From Traditional to Personalised Learning

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At Indigo Schools, we believe that the key to personalised learning, or equipping students with the skills and knowledge necessary for success in the ever-changing world of work and life, lies in mastering the process of systematic, independent inquiry. This occurs when students’ personal interests, potential, skills, knowledge, and aspirations become the foundation for designing personalised learning pathways. This commitment should be integrated into a school’s learning and assessment framework.

There is a way for schools to customize each student’s learning and assessment program while also preparing them for common assessments, examinations, and other standardized tests. Teachers who are change-makers within schools tend to thrive in two contexts:

  1. In schools that encourage continuous improvement in the quality of education they provide, showcasing what is involved in school-wide change.
  2. More commonly, enterprising teachers secure approval to innovate, and their successes expand the approach beyond their specific age group, grade level, or subject area.

In both cases, the growth of this approach follows a typical pattern of change. The innovators’ achievements attract a small following before reaching a “tipping point,” establishing a new norm.

Personalised Learning

Our approach combines meeting common assessment standards with encouraging exploration and discovery based on personal needs, interests, and aspirations. While most teachers strive for the common educational goal of achieving high levels of proficiency in prescribed content, it is crucial to recognize that the skills and knowledge acquired are often the essential foundation for inquiry-based or personalised learning.

In some cases, the content students study holds limited value by itself, as it is primarily focused on passing examinations designed to rank students on a normal distribution curve. Teachers are expected to transmit as much content as possible to all students, regardless of their individual interests or relevance to the material. In the digital age, the results of these traditional assessments are often even less relevant than they were in the industrial era. The exponential growth of information and data available on the internet necessitates that students:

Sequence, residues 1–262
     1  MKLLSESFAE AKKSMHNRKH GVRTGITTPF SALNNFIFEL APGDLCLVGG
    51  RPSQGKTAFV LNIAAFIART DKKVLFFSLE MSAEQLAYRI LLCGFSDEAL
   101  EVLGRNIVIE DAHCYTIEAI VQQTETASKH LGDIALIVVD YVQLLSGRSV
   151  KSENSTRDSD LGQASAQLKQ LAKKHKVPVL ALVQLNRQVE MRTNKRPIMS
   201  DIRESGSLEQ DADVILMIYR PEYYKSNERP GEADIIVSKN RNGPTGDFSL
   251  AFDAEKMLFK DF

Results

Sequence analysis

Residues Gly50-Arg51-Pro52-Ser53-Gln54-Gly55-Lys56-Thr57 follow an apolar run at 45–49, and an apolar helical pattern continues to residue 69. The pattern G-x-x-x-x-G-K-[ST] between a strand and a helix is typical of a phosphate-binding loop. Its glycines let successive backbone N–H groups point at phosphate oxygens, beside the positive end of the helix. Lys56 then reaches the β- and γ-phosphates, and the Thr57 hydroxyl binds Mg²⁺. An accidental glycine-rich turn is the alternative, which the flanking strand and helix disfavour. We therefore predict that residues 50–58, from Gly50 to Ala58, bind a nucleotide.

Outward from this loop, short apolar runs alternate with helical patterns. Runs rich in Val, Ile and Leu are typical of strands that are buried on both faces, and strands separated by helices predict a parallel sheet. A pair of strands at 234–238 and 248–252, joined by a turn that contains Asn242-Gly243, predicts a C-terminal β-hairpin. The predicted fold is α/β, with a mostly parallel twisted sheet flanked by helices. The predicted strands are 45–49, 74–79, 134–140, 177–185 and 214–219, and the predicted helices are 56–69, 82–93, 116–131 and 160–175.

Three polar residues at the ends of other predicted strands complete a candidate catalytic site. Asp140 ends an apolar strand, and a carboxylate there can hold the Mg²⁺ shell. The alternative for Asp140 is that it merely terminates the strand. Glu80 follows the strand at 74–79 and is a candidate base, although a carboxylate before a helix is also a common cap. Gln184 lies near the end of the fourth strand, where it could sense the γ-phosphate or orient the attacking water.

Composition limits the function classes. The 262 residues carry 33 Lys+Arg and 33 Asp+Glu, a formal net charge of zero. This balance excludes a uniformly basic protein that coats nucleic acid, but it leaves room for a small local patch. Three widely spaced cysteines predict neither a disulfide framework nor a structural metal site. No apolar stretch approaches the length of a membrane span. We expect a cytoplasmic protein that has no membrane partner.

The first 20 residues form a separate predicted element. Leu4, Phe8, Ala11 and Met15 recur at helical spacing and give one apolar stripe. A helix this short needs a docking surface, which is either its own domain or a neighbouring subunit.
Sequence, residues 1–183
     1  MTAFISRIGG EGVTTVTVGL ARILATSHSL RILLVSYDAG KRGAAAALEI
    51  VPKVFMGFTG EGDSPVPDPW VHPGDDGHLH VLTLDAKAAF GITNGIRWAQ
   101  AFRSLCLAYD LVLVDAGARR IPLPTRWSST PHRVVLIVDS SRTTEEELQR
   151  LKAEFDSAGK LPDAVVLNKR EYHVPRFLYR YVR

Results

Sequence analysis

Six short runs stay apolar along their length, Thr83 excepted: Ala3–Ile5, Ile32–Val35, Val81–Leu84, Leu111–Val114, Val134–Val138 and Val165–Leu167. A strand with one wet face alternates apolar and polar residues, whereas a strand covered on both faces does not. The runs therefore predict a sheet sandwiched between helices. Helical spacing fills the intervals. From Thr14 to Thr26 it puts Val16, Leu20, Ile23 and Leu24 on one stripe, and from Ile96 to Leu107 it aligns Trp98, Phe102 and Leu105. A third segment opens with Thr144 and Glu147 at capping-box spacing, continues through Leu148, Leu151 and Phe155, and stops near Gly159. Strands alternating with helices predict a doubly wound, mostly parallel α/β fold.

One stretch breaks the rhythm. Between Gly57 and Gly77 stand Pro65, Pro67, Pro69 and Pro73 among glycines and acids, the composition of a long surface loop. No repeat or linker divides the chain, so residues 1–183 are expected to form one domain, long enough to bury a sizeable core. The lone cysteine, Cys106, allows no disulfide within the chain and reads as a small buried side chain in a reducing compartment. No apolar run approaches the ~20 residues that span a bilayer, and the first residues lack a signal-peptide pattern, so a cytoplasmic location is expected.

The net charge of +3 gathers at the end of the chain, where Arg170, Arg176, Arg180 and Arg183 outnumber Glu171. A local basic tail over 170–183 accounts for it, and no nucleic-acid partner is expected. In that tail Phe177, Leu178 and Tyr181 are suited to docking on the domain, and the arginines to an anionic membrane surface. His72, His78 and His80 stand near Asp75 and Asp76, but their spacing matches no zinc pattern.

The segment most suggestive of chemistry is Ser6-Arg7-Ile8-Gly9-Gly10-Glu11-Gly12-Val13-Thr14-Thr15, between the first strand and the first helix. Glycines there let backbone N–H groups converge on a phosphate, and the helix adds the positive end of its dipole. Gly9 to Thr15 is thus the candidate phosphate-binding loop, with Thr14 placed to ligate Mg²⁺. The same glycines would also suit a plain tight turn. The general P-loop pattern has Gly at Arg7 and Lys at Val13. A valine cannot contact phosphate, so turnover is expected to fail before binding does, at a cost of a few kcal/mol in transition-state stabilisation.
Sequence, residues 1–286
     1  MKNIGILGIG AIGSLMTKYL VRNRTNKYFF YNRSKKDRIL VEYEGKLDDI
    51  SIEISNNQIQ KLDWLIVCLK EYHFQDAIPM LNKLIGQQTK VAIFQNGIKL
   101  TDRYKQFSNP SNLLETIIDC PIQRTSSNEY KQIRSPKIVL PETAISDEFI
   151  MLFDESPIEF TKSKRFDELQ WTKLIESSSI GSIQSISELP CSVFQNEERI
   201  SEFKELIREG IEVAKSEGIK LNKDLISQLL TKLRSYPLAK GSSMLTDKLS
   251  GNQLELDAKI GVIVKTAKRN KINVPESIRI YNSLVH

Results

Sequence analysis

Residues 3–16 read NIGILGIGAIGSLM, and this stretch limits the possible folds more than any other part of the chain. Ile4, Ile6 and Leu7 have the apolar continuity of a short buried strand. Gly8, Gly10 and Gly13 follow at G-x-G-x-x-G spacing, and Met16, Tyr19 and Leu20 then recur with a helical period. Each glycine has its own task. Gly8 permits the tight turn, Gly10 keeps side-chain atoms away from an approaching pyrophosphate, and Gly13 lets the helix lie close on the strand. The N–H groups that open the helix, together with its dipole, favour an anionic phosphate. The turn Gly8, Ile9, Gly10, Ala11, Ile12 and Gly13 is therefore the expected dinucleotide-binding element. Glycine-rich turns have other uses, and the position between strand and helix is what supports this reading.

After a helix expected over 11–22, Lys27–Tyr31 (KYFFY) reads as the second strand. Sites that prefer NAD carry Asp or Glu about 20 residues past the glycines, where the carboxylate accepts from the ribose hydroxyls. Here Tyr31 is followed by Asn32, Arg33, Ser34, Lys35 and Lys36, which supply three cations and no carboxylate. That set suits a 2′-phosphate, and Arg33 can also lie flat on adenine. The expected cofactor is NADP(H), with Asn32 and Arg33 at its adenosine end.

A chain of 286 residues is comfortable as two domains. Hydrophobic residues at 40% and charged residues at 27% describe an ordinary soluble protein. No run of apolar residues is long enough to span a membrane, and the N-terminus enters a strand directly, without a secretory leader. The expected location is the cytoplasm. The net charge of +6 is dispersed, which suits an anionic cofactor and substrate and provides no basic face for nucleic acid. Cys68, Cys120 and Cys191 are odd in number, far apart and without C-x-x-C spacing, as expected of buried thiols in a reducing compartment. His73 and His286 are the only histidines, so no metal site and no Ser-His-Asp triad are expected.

• Understand the underlying challenges of a problem.
  • Know where to search and what to consider when seeking a solution.
  • Assess the relevance and reliability of their research.
  • Communicate the outcomes effectively to interested audiences if necessary.

Upon completing an inquiry cycle, students’ outcomes should be captured in a portfolio that demonstrates their mastery of the inquiry process over time. This dynamic improvement and innovation cycle is similar to those used by engineers to maintain continuous improvement and by leaders in business and government responsible for adapting to changing technological landscapes and operating contexts.

Inquiry-based learning empowers students to explore subjects they are genuinely excited about, as well as topics directly related to their formal studies. The motivational shifts observed in schools that effectively implement inquiry-based learning are tangible. The portfolios that showcase students’ progress over time demonstrate their preparedness to tackle challenges beyond the confines of school, whether in further education, work, or life.